A project that involves little innovation may be amenable to development of the complete and final PBS as a part of initial project planning. Conversely, a project containing many unknowns will necessarily have the PBS evolve over the planning and design phase(s) of the project to its full level of detail. The PBS should be formally adopted only to the level at which it is relatively mature. This level may not be uniform across the PBS.

Since the PBS serves as the framework for project cost and schedule estimation and planning, a popular technique is to differentiate on the PBS between those elements which have been approved for project control and those that exist with provisional status for planning purposes.

6.           CORRESPONDENCE WITH DEVELOPMENT

The PBS and the technical program should at all times be in correspondence. If this correspondence is not maintained:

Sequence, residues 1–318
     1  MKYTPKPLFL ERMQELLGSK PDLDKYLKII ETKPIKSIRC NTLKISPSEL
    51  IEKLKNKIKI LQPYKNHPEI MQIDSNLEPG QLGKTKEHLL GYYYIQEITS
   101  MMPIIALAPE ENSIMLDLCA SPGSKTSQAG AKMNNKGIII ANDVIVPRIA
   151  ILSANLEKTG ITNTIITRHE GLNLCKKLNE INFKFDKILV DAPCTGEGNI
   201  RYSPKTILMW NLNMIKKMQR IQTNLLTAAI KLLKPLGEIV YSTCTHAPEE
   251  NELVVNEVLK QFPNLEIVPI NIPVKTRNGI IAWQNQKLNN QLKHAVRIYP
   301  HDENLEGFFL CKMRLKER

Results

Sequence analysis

• control over cost, schedule and quality will be weakened or lost;
  • additional stages of, and specifications for, system integration may be needed; and
  • the technical program may not produce deliverables that correspond to milestone events, or payment or sell-off criteria contracts are involved.

The PBS should reflect the determinations of the technical program, and not the reverse – many a project has failed because of an unsuitable, sometimes arbitrary PBS structure, or a template structure mandated by a customer or by company management.

 

Figure 4-1 Example PBS Dictionary Page

7.           CORRESPONDENCE WITH PROJECT/CONTRACT DELIVERABLES

The PBS, in its product orientation, should align closely with the deliverables defined for the project, and then extend those deliverables downwards in the structure